While this time of year calls for giving thanks, spiritual life coach Iyanla Vanzant is focused on forgiveness with her new interactive self-help book FORGIVENESS: 21 Days to Forgive Everyone for Everything. But in her personal life, Vanzant does not feel compelled to forgive anyone outside of herself and that includes rapper DMX. Earlier this year he accused her of exploiting his substance abuse issues on her TV show, Iyanla: Fix My Life after the airing of an explosive confrontation which found him verbally attacking Vanzant.
“I was not hurt by anything he said and I respect his right to his experience,” said Vanzant. “There is nothing for me to forgive. The forgiveness is on his part and not my part. I went in with a clear intention and what I met was unwillingness and resistance. I don’t think he was clear or prepared about what the work would look like.”
Adhering to the advice found in her book, Vanzant is focused on only seeking forgiveness from herself which she believes is the secret to moving forward from any conflict or adversity. “I only have to forgive myself for thoughts about my parents and about myself that supported me in either creating or staying in negative situations or experiences. I have to forgive myself for believing I still have to prove myself. So this book is about getting back our power by forgiving our thoughts, beliefs and judgments we made about people, things and circumstances. Until we forgive ourselves and how we participate in our own difficulty it will be difficult to forgive,” she advised.
Forgiveness is only but one of the many topics touched on in the new novel by veteran reporter, Flo Anthony. With the release of her book Deadly Stuff Players she weaves together a murder mystery replete with gangsters, drug rings, billionaires, reality TV stars and hungry starlets. While the book promises to offer an insider’s view of Hollywood it also provides some insight into the life of the woman behind the pen. At a book signing held at Melba’s 125 in Harlem, Anthony admitted that the protagonist, Valerie Rollins, a popular but grossly underpaid gossip columnist, is based on her own struggle to maintain a career as a reporter.
“Valerie's lack of financial compensation directly reflects my life. For example, I have never been able to get my own television show because I was blacklisted by major players in the industry for believing that O.J. Simpson and Michael Jackson were innocent during their legal troubles in the 1990s,” she revealed. “I may still not be as financially stable as I would want to be, but I am very proud that I have stood the test of time and am still in the game. I have my novel out which has always been my dream and goal in life.”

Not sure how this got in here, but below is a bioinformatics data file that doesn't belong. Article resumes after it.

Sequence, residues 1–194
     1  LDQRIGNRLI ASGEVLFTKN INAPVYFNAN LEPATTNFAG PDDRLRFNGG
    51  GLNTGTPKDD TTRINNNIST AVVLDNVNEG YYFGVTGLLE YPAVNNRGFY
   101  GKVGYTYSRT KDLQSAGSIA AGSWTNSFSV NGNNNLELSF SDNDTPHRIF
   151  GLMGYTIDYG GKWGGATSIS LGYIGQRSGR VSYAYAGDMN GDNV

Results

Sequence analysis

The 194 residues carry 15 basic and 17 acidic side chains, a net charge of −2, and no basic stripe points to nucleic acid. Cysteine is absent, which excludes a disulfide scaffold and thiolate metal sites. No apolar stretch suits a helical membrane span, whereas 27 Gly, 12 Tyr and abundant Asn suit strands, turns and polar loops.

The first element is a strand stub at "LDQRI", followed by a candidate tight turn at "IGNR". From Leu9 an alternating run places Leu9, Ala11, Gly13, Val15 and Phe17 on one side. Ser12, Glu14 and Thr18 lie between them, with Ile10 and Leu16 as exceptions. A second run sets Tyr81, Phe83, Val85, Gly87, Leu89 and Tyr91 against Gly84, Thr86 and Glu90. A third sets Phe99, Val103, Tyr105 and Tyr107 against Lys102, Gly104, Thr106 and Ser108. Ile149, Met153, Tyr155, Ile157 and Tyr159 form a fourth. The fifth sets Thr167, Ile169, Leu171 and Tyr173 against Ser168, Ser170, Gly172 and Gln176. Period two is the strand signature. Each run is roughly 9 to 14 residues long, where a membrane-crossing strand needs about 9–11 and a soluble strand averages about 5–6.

It’s a dream come true for photographer Gerard H. Gaskin to curate the exhibition, Legends at W New York. On view for the month of December are images from Gaskin’s forthcoming award-winning book, Legendary which documents the New York house ballroom scene of LGBT late-night pageants over the past two decades. Over the course of that time this culture has actively entered the mainstream from the popularity of the 1990 documentary “Paris is Burning” to hip-hop recording artist, Azealia Banks’ use of the dance form vogueing in her 2012 video titled, “1991.”
“When ballroom music, dance and performance enter the mainstream today it's because members of the balls are part of these industries and bring their experiences from the ballrooms to the mainstream,” said Gaskin. “Similarly, mainstream cultural forms enter the ballrooms and are transformed and critiqued to suit the needs of the community. I would say that there is an unequal dialectical exchange between the mainstream and the ballrooms.”
Jack Mizrahi, one of the leading figures in the ballroom scene and consultant to the Legends project fears that this relationship with the mainstream and global reach of ballroom culture is leading to a breakdown of certain standards. “Some of the categories and the way they are brought to the runway in some cities are lost in translation. With the face categories we see people winning when in fact their faces are average. But because they are in a small city they are the face of choice,” said Mizrahi.
Even with such concerns about the state of ballroom and the effects of its crossover appeal, Gaskin hopes that the exhibition will serve as a gateway to explore these issues and more deeply engage with the culture. “I hope the exhibit makes people want to see more images and know more about the community,” said Gaskin. “It can be the beginning of a process of inquiry into a space that has critiqued mainstream norms about gender, sexuality, class and race.”
The weekly column, On the “A” w/Souleo, covers the intersection of the arts, culture and entertainment scene in Harlem and beyond and is written by Souleo, founder and president of event/media content production company, Souleo Enterprises, LLC.